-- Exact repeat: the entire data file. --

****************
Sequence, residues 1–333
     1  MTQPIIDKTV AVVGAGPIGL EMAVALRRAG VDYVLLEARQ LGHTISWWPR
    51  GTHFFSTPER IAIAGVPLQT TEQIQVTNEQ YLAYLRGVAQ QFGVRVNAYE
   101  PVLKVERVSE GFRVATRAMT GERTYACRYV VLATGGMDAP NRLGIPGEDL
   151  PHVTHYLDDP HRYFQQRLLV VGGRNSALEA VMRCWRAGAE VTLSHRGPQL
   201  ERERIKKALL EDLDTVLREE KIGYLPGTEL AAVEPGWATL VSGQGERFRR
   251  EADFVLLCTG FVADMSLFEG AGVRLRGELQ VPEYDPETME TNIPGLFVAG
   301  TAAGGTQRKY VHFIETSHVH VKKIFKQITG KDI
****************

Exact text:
Sequence, residues 1–333
     1  MTQPIIDKTV AVVGAGPIGL EMAVALRRAG VDYVLLEARQ LGHTISWWPR
    51  GTHFFSTPER IAIAGVPLQT TEQIQVTNEQ YLAYLRGVAQ QFGVRVNAYE
   101  PVLKVERVSE GFRVATRAMT GERTYACRYV VLATGGMDAP NRLGIPGEDL
   151  PHVTHYLDDP HRYFQQRLLV VGGRNSALEA VMRCWRAGAE VTLSHRGPQL
   201  ERERIKKALL EDLDTVLREE KIGYLPGTEL AAVEPGWATL VSGQGERFRR
   251  EADFVLLCTG FVADMSLFEG AGVRLRGELQ VPEYDPETME TNIPGLFVAG
   301  TAAGGTQRKY VHFIETSHVH VKKIFKQITG KDI